Hell on Wheels Q&A – Carol Case (Costume Designer)
Q: How much have the looks of series regulars needed to change over the course of four seasons?
A: Quite a bit, actually. A lot has happened to everybody. Everybody has gone through a certain evolution depending on their status in their community or what’s happened to them. I think The Swede would be the most obvious one. He’s gone, quite drastically, up and down and has had both good and bad fortune. That’s affected the costumes a lot. Eva is a fairly good example, too. She’s gone from being at the bottom of the bottom to being a wife, then a mother, then a widow; and she’s now moving into a more independent look for herself that is her own, as opposed to the look of a mother or prostitute.
Q: Talk a little bit about The Swede’s evolution.
A: The Swede’s look was so good at the beginning of the show that we wanted to keep him in that world, but he’s a man of many disguises. He’s like a coyote, like in the Native American lore, or a chameleon. We tried to make him blend into the environment that he’s in and still give us an edge and show that he isn’t all that he appears to be. Chris [Heyerdahl] is a great actor to work with because he’s willing to put in effort and make it a special thing. We’ve done a lot of fittings and talking and we try to keep him in dark colors. This last season, because he spent time as a Mormon, his costume didn’t evolve too much, but at the end, we do find him going back towards his original look.
Q: After multiple seasons, does it get easier or harder to design for the series regulars? Do they get any input into their attire?
A: It’s really a brand new adventure every season. So much happens and we move along in time and space. We try to keep everybody’s own distinctive look on top of that. There’s always something happening and it’s never dull, for sure. As far as difficulty in designing, some of the characters get easier and some get harder. With Mickey’s evolution as a more intrinsic part of the community, we had to think about where he’s going. The actors and I work together as a team. I certainly consider their thoughts and ideas about the characters because in the end, they are those characters. It’s coming from inside them, and my job is to support that and tell their story.
Q: Do most, if not all, of the costumes have to be made from scratch? Have you been able to find and include any vintage pieces, or authentic accents such as buttons?
A: We try to include as much as we can, but a lot of stuff that’s available from the 1860’s is not wearable for a show that’s as active as ours. The older stuff would just disintegrate. Sometimes, if we’re doing a stunt with a stunt double, we might need multiples and it becomes impossible, so we tend to make pretty much everything. Certainly, I’ve used period shawls and jewelry or cufflinks on the guys. Often times, we copy an original with stronger material.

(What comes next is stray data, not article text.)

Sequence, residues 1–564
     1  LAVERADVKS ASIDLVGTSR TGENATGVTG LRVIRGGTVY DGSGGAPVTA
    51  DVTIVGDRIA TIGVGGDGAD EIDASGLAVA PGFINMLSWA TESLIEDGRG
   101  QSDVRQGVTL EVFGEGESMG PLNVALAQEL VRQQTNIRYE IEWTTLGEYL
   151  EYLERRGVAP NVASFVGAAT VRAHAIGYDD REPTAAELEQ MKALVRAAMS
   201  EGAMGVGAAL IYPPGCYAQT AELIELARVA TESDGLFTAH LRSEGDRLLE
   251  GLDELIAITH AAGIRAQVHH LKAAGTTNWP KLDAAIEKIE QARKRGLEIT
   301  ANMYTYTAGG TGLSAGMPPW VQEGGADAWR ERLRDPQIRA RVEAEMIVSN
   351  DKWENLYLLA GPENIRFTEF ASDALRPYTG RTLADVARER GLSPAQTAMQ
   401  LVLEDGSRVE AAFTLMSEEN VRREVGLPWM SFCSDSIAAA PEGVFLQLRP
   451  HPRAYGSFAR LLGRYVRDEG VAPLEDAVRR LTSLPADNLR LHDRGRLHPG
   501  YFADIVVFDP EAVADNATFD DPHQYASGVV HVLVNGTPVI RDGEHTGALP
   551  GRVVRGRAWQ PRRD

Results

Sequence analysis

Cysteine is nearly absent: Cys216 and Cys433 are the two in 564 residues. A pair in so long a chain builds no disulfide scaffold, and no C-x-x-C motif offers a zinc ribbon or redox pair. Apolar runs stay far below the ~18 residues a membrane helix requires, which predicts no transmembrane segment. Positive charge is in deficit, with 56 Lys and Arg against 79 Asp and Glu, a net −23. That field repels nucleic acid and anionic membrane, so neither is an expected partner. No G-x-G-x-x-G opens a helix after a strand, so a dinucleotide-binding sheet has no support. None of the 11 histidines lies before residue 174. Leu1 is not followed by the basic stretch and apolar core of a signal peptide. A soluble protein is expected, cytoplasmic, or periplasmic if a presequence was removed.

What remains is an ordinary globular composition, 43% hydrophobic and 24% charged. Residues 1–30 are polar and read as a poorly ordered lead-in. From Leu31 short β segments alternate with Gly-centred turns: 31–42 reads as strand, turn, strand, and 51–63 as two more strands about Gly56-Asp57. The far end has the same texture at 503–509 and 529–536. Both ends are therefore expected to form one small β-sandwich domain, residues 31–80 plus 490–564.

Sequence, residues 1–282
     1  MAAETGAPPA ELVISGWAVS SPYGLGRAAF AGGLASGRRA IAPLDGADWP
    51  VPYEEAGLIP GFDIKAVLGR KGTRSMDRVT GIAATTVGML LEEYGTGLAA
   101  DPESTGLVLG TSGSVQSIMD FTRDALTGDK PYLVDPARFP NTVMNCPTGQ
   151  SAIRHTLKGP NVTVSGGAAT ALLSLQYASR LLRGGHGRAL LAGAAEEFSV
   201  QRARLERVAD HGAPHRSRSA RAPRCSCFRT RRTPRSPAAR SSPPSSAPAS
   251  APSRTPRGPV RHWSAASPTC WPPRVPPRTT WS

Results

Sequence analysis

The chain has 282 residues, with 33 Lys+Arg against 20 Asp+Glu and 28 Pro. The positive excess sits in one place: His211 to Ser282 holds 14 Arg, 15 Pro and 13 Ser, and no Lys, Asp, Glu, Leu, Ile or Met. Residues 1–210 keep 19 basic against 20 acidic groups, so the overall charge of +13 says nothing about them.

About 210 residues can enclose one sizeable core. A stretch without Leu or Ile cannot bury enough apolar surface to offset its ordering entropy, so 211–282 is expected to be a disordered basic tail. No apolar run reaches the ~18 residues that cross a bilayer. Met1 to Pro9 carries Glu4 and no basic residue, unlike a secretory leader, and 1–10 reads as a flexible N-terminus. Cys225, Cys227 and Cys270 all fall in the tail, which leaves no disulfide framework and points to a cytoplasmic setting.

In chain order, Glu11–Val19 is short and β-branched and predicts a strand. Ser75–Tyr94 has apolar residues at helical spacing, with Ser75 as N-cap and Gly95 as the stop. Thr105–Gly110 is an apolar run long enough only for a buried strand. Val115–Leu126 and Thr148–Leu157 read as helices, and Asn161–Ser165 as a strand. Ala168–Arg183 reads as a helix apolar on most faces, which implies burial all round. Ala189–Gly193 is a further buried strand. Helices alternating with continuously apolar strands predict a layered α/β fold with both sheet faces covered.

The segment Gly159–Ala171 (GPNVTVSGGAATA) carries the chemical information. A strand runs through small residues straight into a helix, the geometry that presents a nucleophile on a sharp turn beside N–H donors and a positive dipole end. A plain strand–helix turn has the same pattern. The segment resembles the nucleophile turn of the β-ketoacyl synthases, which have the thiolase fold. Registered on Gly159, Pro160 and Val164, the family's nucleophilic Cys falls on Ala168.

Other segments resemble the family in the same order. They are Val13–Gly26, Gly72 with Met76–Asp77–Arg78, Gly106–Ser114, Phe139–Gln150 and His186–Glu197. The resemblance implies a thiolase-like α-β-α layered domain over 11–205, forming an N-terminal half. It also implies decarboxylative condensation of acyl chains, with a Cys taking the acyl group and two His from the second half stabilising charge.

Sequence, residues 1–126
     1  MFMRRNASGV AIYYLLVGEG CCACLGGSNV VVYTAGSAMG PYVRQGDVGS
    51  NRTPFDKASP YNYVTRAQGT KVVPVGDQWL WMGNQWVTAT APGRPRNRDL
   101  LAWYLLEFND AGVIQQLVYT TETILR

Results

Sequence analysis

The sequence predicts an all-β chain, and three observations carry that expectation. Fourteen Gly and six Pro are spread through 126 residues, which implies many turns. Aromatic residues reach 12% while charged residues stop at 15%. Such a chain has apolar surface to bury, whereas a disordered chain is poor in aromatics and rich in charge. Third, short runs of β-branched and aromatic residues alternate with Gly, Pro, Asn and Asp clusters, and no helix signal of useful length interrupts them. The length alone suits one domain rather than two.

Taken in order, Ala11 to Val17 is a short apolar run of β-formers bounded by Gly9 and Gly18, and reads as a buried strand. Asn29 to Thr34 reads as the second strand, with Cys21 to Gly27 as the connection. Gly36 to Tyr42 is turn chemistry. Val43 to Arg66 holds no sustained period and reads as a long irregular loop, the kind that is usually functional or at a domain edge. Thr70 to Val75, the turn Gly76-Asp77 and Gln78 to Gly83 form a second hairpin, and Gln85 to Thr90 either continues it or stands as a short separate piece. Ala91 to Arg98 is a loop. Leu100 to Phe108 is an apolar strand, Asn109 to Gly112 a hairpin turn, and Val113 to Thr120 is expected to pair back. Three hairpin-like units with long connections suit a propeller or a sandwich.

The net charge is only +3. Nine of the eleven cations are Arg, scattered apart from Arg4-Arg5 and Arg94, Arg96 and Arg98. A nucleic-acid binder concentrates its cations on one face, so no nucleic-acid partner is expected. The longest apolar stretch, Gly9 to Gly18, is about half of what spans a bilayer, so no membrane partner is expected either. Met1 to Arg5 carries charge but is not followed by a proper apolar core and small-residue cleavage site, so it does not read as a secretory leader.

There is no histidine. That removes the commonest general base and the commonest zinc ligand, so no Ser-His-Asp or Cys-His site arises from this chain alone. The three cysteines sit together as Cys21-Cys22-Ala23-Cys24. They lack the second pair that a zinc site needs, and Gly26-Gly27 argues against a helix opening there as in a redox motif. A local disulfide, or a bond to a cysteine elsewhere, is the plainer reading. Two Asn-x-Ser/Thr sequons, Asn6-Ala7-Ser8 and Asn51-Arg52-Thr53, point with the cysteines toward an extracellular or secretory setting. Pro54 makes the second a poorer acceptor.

Q: John Campbell (Jake Weber) was introduced in Season 4. What kinds of challenges do you encounter when trying to dress a new series regular? Did designing for Campbell present any specific difficulties?
A: Any new character is always a challenge. Because Campbell was coming from the East Coast, he was an outsider in the group. We tried to make that very clear. He and his henchmen were different from our Hell on Wheels people. Then, as the season progresses, Campbell stays on and his outfits get a little more relaxed and less “uptown.”
A: There’s a myriad of photographs of Brigham Young. The Mormon archives are huge, so there are a lot of pictures of the people as they were progressing at this time. It was good to have all that, and easy enough to get it because it’s so organized.
Q: If you were alive during that time period, what might your own attire have looked like if you could have designed it?
A: I think I’d want to be a cross between Maggie and Eva. I like the look of the tight bonnets and skirts. The fabric is so beautiful – the silks and the cottons are just gorgeous. I think that’s what I would be particular about. The dresses are so detailed, even down to the most miniscule detail. That’s the most exciting part about doing the 1860’s. Those skirts can hold a lot of mud, too!